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Posts Tagged ‘compassion’

Oh dear - www.goma.demon.co.ukI will take five of the ten ideas that were presented by Dave Jones in one of his YouTube videos, link is at the bottom, and I would like to do something different with them. The video is about how not to attack atheists so you can enter into a discussion rather than leaving it at that, it works much better into why no one should ever respect the religious arguments that are so often pushed towards us. Sticking with Christians and Muslims is useful as they are the two main groups to which we often find objection with, plus they are guilty of pretty much the same sorts of errors. Let’s assume that extremists often those that would also be called fundamentalists are unable to think for themselves through political coercion, brainwashing or simple craziness. It is the moderates that have the ability to think for themselves. Although this is comfortable it is not really true, I would rather just focus on moderate religious people and although this whole topic is part of a much larger discussion Dave Jones made me react and consider a slightly different approach. After getting some feedback on the things I have written, it does start to frustrate me after a while since I have to keep returning to the same points over and over again, as being religious appears to just mean that you have no ability to understand anyone else that does not think the same way as you do. I was also going to describe my feelings as hate although I want to make it clear that I don’t hate people, I do hate their beliefs which is completely different. Someone might be a kind, intelligent person who cares for their family and friends; I can accept this although it does not really come from religion at all. You might think it does but it does not. Ok, why don’t I like moderate religious people?

The Holy Book – the use of such books are taken to mean so much, in the critics of evolution they are often used as points of reference to which something is meant to suddenly click and the whole thing makes sense. It does not stop at what Jones argues being that nonbelievers don’t accept the holy books as God’s word, it goes further if we all make the assumption that it is then the implications are very clear. Either we have to stop learning more about the place in which we live or we have to do things that are immoral. I do go on about dinosaurs a lot; I am not really a fan still if the word reptile is meant to also include dinosaurs and this is the only mention of it in the bible, what we can take from that devalues what we already know, in the process ignoring it. Put this another way if you think that the post hoc explanation of reptiles on Noah’s Ark explains anything then you are just denying the right to access knowledge that does not agree with this, you will learn less just from one word than a body of research & theory. This is where the frustration is; partly as so much is ignored and secondly as so much is easily dismissed without consideration. The immoral refers to possible justifiable acts that holy books allow for and that is no account for the lack of intellectual honesty when using references, there are parts of all the holy books that mention depraved actions towards other humans if you never address them that makes you dishonest on all things.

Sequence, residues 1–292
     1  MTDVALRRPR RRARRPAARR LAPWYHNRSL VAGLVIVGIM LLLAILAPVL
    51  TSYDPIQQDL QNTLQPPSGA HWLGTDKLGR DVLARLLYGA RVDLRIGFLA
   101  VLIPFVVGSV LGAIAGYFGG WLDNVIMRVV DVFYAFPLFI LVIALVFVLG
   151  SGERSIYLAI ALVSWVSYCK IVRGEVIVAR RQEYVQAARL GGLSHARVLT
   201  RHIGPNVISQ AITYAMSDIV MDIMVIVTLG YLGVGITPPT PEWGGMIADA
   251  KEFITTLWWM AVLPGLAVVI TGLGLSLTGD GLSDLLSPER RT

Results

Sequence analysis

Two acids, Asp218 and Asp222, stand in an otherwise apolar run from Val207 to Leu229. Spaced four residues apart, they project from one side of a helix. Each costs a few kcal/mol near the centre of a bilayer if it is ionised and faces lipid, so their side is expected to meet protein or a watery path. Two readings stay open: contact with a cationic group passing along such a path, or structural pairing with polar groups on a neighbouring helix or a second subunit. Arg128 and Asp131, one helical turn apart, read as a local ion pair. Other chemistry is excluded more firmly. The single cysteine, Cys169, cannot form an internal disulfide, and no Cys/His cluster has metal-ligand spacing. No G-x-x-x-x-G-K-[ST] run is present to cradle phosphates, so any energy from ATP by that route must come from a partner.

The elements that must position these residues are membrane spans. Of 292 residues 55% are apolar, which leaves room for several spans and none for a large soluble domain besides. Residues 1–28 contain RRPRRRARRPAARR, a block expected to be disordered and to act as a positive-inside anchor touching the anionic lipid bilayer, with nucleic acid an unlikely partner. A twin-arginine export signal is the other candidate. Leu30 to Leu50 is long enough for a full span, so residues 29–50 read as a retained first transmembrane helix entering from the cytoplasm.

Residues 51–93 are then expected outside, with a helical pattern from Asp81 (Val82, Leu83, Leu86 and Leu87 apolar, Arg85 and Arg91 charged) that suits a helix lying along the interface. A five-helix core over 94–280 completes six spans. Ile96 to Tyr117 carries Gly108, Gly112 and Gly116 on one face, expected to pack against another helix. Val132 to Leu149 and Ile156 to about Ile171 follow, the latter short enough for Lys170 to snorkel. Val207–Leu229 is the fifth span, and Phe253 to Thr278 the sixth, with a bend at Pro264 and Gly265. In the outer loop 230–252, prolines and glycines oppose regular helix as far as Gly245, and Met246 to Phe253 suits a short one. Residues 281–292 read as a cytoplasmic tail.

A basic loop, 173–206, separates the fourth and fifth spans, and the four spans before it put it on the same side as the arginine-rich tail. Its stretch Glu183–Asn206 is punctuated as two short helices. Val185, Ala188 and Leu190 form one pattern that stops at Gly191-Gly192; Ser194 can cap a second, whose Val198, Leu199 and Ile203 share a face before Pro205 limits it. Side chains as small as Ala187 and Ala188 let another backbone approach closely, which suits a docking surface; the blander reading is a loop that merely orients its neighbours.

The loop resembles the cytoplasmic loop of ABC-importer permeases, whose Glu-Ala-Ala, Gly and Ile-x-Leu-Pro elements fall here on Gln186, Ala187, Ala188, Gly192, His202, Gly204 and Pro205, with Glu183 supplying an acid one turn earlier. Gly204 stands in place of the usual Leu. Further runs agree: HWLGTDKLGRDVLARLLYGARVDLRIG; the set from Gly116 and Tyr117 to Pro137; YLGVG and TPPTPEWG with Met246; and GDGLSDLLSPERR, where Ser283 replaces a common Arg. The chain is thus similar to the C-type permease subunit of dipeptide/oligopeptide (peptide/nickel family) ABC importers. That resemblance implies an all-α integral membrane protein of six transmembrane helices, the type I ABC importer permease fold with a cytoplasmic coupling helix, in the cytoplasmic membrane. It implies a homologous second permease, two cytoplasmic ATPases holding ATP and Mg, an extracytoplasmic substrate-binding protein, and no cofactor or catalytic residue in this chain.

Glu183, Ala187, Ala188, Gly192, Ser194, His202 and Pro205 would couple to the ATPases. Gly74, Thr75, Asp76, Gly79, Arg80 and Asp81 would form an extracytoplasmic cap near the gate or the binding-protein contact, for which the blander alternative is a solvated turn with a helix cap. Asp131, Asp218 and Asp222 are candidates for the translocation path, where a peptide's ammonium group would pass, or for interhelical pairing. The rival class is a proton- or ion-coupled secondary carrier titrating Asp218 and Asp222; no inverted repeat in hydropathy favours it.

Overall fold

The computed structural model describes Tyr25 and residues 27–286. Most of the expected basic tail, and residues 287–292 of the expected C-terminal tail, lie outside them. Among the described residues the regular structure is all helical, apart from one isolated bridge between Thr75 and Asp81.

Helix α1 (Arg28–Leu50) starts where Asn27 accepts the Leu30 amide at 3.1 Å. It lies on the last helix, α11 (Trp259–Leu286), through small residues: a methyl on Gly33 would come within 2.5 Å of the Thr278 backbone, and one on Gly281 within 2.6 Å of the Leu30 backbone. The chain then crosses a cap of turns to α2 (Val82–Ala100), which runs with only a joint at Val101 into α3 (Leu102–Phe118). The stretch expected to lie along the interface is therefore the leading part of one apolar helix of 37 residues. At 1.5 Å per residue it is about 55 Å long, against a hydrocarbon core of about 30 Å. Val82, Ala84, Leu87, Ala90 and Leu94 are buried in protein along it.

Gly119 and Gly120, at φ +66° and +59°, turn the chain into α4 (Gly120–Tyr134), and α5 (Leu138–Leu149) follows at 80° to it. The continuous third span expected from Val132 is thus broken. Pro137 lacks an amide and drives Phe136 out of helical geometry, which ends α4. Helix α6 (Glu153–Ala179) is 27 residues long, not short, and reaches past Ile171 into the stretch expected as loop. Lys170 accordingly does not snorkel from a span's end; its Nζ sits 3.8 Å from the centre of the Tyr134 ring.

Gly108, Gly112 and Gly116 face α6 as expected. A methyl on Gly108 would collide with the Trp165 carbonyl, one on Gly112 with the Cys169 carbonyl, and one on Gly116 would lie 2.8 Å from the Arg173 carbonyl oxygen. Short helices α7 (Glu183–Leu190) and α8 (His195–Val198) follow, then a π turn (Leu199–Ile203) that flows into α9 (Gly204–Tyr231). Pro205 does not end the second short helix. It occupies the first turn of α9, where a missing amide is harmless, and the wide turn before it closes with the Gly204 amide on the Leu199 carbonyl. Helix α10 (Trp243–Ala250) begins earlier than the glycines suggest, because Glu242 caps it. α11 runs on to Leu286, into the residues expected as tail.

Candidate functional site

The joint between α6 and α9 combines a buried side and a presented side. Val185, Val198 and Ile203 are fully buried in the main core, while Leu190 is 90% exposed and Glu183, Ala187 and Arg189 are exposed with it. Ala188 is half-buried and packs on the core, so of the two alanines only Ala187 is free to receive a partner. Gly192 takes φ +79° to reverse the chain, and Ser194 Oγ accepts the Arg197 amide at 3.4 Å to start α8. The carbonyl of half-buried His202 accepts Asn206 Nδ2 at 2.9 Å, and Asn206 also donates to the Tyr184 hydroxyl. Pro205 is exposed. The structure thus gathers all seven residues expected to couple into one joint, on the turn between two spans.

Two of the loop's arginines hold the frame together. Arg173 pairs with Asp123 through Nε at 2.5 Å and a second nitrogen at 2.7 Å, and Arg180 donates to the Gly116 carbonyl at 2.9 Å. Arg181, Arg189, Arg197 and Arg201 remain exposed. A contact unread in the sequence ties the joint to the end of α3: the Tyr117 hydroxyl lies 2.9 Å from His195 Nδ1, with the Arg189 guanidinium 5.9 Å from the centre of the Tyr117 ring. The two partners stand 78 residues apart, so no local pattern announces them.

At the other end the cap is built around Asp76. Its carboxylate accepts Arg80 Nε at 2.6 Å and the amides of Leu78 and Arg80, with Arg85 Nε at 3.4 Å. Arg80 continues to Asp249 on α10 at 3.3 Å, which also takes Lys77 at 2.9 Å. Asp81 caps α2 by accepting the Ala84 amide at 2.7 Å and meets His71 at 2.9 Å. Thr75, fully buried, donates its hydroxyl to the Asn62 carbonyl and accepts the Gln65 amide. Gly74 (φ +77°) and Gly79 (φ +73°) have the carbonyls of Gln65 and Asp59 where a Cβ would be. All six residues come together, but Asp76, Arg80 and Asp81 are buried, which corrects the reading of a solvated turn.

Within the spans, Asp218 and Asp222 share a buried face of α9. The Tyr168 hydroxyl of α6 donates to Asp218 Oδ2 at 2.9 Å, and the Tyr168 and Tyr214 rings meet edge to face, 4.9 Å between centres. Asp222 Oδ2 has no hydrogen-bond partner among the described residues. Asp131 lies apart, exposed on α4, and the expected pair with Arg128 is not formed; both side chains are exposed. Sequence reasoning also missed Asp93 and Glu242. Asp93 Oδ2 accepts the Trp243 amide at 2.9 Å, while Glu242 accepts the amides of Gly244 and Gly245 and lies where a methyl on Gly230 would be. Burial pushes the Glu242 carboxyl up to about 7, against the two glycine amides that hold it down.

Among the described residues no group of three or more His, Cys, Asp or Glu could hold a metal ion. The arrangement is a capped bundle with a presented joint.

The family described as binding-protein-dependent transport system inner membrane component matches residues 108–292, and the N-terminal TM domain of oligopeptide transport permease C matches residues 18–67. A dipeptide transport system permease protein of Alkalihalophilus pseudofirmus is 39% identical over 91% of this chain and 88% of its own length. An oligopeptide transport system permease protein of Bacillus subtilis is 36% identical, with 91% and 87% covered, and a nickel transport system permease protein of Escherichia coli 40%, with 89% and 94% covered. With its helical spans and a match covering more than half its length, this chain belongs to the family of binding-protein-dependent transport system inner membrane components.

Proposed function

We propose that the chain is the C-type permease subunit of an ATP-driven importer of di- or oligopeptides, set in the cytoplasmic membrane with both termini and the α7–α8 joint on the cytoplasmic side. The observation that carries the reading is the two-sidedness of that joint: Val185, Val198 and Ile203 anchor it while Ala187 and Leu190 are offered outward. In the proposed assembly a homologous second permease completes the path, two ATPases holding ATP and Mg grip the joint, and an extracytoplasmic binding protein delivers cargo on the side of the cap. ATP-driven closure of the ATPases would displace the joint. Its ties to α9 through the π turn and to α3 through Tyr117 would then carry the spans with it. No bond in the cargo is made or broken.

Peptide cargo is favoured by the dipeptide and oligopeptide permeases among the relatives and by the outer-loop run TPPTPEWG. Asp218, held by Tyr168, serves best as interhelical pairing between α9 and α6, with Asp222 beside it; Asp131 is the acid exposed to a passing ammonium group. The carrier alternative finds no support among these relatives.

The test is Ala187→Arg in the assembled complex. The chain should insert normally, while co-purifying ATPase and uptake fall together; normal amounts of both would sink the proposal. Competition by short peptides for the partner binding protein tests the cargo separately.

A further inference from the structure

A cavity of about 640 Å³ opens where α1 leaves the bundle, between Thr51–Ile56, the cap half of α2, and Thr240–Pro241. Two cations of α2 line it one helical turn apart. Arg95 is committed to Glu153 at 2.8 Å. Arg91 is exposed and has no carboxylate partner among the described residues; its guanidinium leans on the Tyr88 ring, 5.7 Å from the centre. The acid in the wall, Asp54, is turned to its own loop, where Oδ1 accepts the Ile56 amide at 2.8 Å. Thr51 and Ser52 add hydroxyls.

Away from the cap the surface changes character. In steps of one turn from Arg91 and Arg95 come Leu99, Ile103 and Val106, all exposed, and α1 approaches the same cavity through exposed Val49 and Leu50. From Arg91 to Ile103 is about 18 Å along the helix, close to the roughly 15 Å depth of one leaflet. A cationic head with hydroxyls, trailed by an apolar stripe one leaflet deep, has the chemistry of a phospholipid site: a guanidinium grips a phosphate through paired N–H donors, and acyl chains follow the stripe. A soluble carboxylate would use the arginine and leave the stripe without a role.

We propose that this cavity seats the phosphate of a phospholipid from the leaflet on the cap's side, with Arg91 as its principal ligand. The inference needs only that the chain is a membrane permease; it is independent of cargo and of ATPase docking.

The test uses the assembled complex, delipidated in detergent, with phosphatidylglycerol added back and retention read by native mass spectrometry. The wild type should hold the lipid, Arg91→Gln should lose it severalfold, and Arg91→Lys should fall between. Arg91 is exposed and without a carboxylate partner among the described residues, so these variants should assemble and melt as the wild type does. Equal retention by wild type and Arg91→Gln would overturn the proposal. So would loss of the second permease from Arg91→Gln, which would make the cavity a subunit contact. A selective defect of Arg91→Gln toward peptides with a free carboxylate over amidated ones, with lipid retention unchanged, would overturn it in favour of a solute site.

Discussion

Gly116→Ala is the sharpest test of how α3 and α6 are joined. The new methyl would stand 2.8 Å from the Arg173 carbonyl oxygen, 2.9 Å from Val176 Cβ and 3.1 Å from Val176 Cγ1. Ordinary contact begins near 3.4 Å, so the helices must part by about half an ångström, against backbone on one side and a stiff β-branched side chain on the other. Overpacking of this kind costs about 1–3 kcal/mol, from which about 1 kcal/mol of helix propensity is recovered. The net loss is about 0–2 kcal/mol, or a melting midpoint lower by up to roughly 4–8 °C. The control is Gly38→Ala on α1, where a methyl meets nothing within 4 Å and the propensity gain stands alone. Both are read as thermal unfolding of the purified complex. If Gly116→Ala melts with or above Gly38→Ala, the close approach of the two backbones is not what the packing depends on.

Faith – it seems to be the less something has the evidence to back it up then the more faith that is required and therefore, the greater the weight belief becomes. It is like saying the less I know something for sure the more important the role of personal feelings have to become. This is just a ridiculous stand point to argue from, there is no reason to why your personal feelings should be given any weight at all, no one can check them and it is as equally possible first you had some basic understanding of religion and later personal feelings to back it up. Likewise the perspective that you must have faith in order to understand just creates a circular argument that never gets anywhere; no one should just believe stuff. The situation is often the other way around there is a lot of evidence that just does not agree with religion so why does anyone believe it; it is clear that religion does not work and is not true. The example of Stenger is useful; God is seen as transcendent, meaning he is outside of space and time still God is also omnipresent meaning that he exists everywhere – there is no way in which these two things can be true. The conclusion is that just because someone claims faith all that means is they have a personal feeling and feelings should never be something which are acted upon without anything else being there to back up those feelings, especially when the consequences are so serious. Having faith means you have accepted something because you have been told to; this is a major fault of character.